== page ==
Wednesday, March 18, 2009

On bailouts and bonuses

I must have missed the part where capitalism allows the government to create money out of thin air:

Saying that the recession continues to deepen, the U.S. Federal Reserve announced Wednesday that it would pump an extra $1 trillion into the economy by buying mortgage-backed securities and long-term Treasury issues.

It's hard to avoid snark and sarcasm when one realizes the utter ridiculousness of what is going on. I wonder what it's like to be the son or daughter of a Federal Reserve chairman. "Eat your breakfast, Jimmy. When you grow up you too can debase the currency and bring further ruin to the global economy." The lessons which will be repeated pounded into my poor reader's heads--if only to give a brief respite to the pounding within my own--are: that this system is not capitalistic; and that the inmates who run the asylum haven't the foggiest idea of what they are doing, and so have no possibility for success. Enjoy the ride.

On a related note, there has been a bit of a hullabaloo over the AIG bailout. It seems that a number of employees were planning on using the money for bonuses. The populace is enraged, and thus the Democrats, who continue to lead by following, are up in arms:

Talking tougher by the hour, livid Democrats confronted beleaguered insurance giant AIG with an ultimatum Tuesday: Give back $165 million in post-bailout bonuses or watch Congress tax it away with emergency legislation. Republicans declared the Democrats were hardly blameless, accusing them of standing by while the bonus deal was cemented and suggesting that Treasury Secretary Timothy Geithner could and should have done more.

In an age of agitated action, it is asking too much to expect our representatives to actually read the bills which rob the people of their hard-earned money to give to whomever Congress feels has more need of it. If AIG is behaving immorally, they are at least legally in the right. There is a lesson here about the importance of sober reflection before action. It's almost like that time the Congress rushed through the PATRIOT Act, and then lamely asserted that they didn't realize what the bill would be used to do.

On the one hand, it's absurd that money is being taken from the people to give to those who have proven to be abject failures. Bonuses are the sorts of things you get when you make money, not when malfeasance or incompetence causes the government to give you money to stay solvent. But if the righteous indignation remains directed at the employees of AIG, ultimately, it misses its mark. As Rich Lowry writes in his column: "The bonuses AIG wants to pay its employees are a pittance compared with the $170 billion it has received in government bailouts, a trifling .097 percent."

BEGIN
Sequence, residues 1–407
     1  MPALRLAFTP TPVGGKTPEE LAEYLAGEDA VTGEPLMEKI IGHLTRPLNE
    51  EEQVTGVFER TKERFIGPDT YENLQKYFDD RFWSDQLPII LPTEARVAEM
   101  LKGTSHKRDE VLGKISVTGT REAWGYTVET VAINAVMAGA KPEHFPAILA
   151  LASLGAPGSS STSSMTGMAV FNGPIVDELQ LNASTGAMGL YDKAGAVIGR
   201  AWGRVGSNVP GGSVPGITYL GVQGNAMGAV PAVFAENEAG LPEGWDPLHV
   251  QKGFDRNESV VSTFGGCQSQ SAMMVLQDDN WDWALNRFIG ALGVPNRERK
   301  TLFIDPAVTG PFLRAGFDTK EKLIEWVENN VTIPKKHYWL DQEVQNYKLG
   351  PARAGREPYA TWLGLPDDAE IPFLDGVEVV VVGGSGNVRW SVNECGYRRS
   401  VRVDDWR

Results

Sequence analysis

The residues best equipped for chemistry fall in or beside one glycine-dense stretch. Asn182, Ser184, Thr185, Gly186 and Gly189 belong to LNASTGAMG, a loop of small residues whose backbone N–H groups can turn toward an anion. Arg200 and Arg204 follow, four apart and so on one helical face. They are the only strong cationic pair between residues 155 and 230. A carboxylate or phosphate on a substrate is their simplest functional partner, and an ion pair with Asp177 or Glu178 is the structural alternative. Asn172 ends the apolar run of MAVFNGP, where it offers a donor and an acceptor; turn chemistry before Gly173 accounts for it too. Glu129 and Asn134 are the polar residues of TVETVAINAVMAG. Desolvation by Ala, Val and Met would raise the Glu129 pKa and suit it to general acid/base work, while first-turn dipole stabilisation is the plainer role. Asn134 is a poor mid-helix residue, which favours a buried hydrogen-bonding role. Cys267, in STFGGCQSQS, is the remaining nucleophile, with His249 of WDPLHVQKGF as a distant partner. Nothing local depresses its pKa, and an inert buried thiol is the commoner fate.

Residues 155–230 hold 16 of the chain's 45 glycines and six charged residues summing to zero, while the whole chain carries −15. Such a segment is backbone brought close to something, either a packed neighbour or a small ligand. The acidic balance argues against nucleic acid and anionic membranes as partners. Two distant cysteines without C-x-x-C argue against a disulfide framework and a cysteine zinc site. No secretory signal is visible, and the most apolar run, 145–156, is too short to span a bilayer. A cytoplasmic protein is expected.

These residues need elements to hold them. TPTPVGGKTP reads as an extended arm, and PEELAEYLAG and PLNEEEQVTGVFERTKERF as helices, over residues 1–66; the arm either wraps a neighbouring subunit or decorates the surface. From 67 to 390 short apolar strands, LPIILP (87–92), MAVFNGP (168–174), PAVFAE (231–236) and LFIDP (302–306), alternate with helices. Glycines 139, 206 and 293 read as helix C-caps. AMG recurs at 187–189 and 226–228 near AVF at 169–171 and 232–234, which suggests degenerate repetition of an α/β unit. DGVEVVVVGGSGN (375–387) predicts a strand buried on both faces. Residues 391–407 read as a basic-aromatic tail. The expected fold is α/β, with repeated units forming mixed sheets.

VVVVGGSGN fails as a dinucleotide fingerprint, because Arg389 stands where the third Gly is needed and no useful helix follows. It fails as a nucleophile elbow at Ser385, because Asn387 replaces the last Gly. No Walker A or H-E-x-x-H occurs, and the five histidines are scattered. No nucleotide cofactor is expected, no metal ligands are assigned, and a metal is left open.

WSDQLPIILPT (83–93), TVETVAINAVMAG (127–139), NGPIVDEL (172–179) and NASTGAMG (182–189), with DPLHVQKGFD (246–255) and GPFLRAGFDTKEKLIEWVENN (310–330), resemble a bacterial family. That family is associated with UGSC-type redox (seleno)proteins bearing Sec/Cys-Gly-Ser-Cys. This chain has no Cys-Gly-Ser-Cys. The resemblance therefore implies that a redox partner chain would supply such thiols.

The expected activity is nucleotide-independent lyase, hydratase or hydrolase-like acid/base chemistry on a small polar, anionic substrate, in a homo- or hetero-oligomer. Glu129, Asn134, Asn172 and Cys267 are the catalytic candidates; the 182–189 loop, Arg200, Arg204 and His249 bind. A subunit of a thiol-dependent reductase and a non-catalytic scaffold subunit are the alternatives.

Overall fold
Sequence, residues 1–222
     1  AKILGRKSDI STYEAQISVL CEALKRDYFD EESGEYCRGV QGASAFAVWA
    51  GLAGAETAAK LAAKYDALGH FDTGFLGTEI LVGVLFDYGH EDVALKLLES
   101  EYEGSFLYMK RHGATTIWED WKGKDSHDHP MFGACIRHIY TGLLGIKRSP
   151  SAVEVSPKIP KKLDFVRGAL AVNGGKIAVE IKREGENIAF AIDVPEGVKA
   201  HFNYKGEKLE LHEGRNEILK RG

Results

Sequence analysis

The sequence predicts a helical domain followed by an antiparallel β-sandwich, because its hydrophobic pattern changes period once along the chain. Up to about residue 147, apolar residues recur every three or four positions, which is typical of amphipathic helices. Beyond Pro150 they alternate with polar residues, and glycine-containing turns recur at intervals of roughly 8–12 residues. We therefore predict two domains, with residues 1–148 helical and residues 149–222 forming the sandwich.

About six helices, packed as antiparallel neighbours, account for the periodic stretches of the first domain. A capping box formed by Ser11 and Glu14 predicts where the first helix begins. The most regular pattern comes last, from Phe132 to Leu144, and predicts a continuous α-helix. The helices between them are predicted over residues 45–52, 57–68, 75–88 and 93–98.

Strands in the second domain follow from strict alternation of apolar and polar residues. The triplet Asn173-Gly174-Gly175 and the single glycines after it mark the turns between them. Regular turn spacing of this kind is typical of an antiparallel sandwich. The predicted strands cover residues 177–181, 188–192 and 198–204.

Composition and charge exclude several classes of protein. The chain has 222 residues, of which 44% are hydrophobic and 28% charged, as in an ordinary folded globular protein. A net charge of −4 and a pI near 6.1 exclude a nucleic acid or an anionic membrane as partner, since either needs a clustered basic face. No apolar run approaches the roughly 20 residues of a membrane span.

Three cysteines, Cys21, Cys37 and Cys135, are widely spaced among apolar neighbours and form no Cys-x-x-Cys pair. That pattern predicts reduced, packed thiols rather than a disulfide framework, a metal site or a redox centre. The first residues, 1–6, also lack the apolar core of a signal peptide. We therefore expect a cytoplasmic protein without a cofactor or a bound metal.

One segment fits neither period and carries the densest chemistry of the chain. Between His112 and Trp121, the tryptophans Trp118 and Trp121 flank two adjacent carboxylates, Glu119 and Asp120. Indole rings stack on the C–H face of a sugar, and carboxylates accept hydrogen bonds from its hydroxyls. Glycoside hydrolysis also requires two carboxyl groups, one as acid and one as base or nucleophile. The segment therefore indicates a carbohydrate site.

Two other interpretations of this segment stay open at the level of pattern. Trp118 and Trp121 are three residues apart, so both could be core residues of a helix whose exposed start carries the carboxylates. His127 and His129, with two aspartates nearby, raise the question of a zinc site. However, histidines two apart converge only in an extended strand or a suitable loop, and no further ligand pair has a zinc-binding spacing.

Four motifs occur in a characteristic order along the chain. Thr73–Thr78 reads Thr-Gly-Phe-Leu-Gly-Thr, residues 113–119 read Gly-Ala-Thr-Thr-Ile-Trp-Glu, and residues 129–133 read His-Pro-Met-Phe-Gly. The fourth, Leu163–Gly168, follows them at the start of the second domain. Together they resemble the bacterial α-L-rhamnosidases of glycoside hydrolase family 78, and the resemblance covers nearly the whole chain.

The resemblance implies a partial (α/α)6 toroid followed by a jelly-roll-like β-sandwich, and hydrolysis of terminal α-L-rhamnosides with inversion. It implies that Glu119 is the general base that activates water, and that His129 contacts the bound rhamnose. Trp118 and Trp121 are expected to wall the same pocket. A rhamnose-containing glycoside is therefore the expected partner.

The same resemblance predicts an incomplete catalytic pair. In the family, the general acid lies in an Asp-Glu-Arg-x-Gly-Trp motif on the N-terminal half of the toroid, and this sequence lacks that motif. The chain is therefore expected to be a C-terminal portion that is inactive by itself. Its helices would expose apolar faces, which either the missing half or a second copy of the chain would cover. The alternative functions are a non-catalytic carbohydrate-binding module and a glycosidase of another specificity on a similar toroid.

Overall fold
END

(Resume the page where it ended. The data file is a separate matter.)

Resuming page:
I'd like to see the population insist on the bailout money being returned from every single recipient, bonus or no bonus. Such a blatant redistribution of wealth is pure thievary, made worse by the fact that it won't prove beneficial to anyone but the recipients themselves. If there's a sanguine note on which to end this sorry episode, it's that the cowardly democrats are sufficiently scared of a popular revolt placing the republicans back in power that they might just act. Left for an exercise for the reader is the appropriate response to a system which places faith in the people's propensity to cajole their represntatives into doing right.

1 comment:

troutsky said...

There is an interesting consensus being built, everyone from Rich Lowry to Robert Sheer saying let them go bankrupt. The divergence happens post-collapse, with laissez faire advocates saying return to gold standard and social democrats saying nationalise the banks. Democratic socialists point out that if you end the market system you can do away with banks altogether! Allocation of development resources is decided through popular consensus.